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Avoid Accidental Electronic Quorums

Does a group email or text message count as a “meeting” under the SC Freedom of Information Act? The South Carolina Attorney General has concluded that it might. Since such a “meeting” would not be open to the public and properly advertised, it could violate the public meetings requirement of FOIA. 

A recent opinion of the attorney general, from February 18, 2021, stated that a “court may well hold an email chain in which at least a quorum of a public body’s membership discusses or takes action upon a matter over which the public body has [jurisdiction] constitutes a ‘meeting’ [under FOIA]. However, as the state appellate courts have not issued an opinion addressing whether emails can constitute a meeting, this conclusion is not free from doubt.” 

The issue is that electronic communication, such as email, could allow a public body to have a private group discussion about government business. For example, the city manager could send an email to the entire council. If one or more council members then use the “reply all” option to discuss the message, a court could find that the behavior was functionally identical to an in-person meeting. 

Sequential meetings 
The primary distinction is that an email exchange is not concurrent in the same way that an in-person meeting would be — happening all at one time. A conversation over email might last several days, or even weeks. The attorney general has noted that other states have developed the concept of a “sequential meeting” to address this distinction. A sequential meeting is a meeting that involves a quorum of the body, gathered over time. Under this concept, it is not essential that each member attend the meeting simultaneously, if the method of communication allows a sustained conversation.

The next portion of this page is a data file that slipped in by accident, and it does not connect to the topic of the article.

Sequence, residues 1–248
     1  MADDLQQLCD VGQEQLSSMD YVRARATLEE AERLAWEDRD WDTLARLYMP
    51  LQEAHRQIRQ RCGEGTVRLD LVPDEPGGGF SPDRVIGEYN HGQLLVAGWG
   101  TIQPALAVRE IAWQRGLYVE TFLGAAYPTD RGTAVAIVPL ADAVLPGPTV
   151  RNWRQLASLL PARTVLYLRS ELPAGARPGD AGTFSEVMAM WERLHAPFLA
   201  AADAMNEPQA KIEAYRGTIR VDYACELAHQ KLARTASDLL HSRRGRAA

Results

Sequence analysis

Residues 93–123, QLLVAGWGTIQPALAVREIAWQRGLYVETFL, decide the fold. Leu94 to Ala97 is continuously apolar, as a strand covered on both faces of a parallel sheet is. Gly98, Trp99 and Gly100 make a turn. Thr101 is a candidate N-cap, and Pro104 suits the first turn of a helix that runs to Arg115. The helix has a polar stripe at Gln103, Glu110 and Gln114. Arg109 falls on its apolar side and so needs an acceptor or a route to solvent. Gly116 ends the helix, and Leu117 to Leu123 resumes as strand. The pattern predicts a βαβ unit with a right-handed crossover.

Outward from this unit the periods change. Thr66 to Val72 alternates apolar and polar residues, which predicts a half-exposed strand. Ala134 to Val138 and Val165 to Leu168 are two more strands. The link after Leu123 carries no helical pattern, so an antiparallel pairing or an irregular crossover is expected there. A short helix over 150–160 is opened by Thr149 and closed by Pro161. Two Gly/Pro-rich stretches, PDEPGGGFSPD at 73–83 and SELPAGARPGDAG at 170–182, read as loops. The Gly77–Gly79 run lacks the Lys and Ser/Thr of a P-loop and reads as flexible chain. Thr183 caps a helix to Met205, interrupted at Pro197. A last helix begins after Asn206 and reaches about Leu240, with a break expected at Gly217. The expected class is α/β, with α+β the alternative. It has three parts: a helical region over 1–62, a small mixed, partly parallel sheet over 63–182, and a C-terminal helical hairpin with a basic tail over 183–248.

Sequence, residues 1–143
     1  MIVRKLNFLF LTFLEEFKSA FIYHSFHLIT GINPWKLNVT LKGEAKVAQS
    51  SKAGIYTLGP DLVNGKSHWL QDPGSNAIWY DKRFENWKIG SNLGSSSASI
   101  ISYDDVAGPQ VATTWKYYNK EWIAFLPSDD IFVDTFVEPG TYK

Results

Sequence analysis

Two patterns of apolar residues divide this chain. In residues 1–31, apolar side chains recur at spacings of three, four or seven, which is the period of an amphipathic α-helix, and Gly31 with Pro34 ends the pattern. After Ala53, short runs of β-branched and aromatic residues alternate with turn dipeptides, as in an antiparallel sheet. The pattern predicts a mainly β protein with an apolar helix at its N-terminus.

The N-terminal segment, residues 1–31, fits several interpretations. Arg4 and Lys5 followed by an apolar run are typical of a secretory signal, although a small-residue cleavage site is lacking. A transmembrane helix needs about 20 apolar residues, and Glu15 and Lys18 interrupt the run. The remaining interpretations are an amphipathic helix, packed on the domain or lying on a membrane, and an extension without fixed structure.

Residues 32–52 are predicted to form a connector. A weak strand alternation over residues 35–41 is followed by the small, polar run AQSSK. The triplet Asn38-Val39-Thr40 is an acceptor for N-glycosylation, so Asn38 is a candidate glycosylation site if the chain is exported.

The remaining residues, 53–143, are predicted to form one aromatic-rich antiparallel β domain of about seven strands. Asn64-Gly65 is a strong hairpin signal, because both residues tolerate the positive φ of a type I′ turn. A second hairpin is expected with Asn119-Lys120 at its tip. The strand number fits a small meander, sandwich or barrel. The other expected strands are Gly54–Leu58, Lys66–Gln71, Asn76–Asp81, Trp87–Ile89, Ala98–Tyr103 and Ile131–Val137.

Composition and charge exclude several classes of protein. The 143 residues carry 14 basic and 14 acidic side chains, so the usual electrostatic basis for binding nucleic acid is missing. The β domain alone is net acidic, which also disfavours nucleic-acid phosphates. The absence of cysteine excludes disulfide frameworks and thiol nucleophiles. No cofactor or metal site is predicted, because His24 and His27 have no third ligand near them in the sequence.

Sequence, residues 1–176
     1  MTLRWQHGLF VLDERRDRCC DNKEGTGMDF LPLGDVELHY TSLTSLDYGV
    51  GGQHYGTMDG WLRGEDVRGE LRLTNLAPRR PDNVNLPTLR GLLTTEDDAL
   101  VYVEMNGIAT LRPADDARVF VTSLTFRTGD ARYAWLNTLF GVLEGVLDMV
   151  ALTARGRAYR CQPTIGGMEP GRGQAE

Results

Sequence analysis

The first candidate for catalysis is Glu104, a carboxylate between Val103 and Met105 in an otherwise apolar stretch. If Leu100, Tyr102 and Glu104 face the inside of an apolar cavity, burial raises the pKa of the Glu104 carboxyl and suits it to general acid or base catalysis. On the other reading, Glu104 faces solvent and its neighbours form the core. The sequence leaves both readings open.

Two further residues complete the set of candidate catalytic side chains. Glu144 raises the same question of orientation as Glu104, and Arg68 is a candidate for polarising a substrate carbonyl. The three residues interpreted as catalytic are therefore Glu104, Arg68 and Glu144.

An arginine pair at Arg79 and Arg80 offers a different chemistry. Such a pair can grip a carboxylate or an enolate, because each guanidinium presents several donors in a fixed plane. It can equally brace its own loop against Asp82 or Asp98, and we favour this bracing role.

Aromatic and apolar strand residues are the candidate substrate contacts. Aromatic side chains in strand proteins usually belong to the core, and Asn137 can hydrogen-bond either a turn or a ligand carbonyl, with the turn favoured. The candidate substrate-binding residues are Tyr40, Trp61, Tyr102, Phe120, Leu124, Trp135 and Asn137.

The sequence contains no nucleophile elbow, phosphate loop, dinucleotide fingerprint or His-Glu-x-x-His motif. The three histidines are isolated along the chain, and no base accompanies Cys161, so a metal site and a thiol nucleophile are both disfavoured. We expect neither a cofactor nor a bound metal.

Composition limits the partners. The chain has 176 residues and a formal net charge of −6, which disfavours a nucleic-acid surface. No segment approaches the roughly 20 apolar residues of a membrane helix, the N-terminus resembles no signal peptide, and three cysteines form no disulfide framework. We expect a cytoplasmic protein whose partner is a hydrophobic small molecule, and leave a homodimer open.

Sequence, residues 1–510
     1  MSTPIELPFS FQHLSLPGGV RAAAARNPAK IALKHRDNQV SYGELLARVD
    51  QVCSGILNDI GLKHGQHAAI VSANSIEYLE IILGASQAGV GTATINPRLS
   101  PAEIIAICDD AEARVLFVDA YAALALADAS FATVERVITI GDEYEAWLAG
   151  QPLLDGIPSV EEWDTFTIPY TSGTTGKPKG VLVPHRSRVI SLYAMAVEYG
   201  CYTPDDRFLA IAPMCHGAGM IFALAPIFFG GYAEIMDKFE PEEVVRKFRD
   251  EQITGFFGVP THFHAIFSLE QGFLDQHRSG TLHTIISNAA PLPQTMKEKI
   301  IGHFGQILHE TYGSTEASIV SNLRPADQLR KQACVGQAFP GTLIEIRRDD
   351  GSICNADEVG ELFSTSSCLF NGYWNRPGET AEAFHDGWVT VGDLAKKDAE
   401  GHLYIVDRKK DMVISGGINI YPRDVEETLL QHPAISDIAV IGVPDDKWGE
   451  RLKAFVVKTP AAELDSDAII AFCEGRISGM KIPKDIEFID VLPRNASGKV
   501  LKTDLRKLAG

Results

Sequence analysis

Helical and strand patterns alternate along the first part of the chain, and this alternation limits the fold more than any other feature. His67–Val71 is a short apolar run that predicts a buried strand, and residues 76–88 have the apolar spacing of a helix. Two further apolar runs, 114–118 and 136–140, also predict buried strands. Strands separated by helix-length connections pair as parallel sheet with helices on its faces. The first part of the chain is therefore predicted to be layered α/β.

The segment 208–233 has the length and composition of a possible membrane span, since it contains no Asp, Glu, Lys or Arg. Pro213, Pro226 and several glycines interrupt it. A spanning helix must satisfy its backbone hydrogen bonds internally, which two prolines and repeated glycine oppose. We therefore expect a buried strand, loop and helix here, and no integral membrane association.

Ultimately, whether a group email or text exchange among a quorum will be considered a meeting will depend on the facts of each case. 

As described by the attorney general, “[w]hen members of a public body use email to actively engage in discussion of a matter within the body’s jurisdiction, a court may well find an intention to come together and thereby satisfy the element of convening. In contrast, a court would likely hold passive receipt of email by itself is insufficient to establish an intent to deliberately assemble.”

Precautions to take 
Group emails and texts are efficient tools, but South Carolina municipalities should be careful to avoid turning a routine email exchange into a meeting. Here are some pointers:
  • When possible, avoid using the “reply all” feature in a message involving a quorum of the body, or forwarding responses among members of the body.
  • Limit emails and texts to informational exchanges. Discussions of policy and proposed courses of action should be confined to properly convened and noticed meetings.
  • Retain copies of emails and texts relating to official governmental business. Even in cases that do not rise to the level of a meeting, the related emails and texts are nonetheless public records subject to production under FOIA and retention under the Public Records Act. 
Group emails and texts may allow public bodies to conduct their business more efficiently, but may also create unexpected liabilities. Public bodies should use the same care with electronic documents as they would with physical documents and in-person meetings.